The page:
The Double Jeopardy Clause of the United States Constitution provides that no person shall "be subject for the same offence to be twice put in jeopardy of life or limb." U.S. Const.Amend. V. The New Jersey Constitution provides that "no person shall, after acquittal, be tried for the same offense." N.J. Const. art. 1, para. 11. The protection against double jeopardy provided by these federal and state constitutional provisions "have been held coextensive in application." State v. Rechtschaffer, 70 N.J. 395, 404, 360 A.2d 362 (1976).

[261 NJSuper Page 445]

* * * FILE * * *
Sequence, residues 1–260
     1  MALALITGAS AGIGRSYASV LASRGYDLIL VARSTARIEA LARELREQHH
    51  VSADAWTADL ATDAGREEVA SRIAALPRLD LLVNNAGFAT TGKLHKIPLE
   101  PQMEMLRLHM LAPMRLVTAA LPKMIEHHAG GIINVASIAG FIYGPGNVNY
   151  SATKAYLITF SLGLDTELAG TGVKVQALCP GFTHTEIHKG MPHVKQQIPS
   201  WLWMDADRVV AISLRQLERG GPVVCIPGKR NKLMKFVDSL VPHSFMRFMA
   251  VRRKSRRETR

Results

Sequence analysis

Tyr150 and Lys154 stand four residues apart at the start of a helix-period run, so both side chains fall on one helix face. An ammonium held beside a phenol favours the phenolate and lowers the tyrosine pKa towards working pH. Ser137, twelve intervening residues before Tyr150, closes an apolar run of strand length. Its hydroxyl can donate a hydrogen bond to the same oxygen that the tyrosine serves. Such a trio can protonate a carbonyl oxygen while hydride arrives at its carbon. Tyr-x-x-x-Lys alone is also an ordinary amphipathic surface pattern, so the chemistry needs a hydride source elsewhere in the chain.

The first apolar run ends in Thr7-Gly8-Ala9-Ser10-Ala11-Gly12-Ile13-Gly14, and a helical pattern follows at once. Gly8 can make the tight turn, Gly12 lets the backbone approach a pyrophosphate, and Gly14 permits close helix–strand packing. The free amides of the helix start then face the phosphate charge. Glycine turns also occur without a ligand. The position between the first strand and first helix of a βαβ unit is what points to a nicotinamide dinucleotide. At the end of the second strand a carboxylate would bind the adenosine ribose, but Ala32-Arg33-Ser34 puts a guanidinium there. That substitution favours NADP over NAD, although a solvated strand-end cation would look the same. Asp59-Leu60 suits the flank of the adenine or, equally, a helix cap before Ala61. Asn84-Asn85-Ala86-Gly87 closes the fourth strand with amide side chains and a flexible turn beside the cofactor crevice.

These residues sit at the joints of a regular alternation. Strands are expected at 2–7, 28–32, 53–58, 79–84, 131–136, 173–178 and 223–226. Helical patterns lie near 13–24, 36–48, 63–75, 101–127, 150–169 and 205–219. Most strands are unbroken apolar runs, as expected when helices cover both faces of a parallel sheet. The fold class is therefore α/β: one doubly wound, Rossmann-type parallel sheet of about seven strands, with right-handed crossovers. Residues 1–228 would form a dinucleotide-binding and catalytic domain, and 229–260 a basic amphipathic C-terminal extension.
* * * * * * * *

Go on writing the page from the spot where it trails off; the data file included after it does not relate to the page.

It is firmly established that jeopardy attaches when a jury is selected and sworn. Crist v. Bretz, 437 U.S. 28, 98 S. Ct. 2156, 57 L. Ed.2d 24 (1978); State v. Lynch, 79 N.J. 327, 341, 399 A.2d 629 (1979). Therefore, if the court declares a mistrial without the defendant's consent after a jury is sworn, a retrial is barred by double jeopardy unless there was a "manifest necessity" for the mistrial or the "ends of public Justice" would be defeated by an acquittal. United States v. Dinitz, 424 U.S. 600, 606-07, 96 S. Ct. 1075, 1079, 47 L. Ed.2d 267, 273 (1976); State v. Rechtschaffer, supra, 70 N.J. at 405, 360 A.2d 362. "The underlying hypothesis" of this rule is that "the trial once started should proceed to its Conclusion." Id. at 406, 360 A.2d 362. A trial court's failure to consider less drastic alternatives than the declaration of a mistrial is one circumstance which has led reviewing courts to conclude that there was an absence of "manifest necessity" for a mistrial. See, e.g., United States v. Jorn, 400 U.S. 470, 485-87, 91 S. Ct. 547, 556-58, 27 L. Ed.2d 543, 556-68 (1971); United States v. Bates, 917 F.2d 388, 396 (9th Cir.1990); United States v. McKoy, 591 F.2d 218, 222 (3d Cir.1979); State v. Rechtschaffer, supra, 70 N.J. at 415, 360 A.2d 362.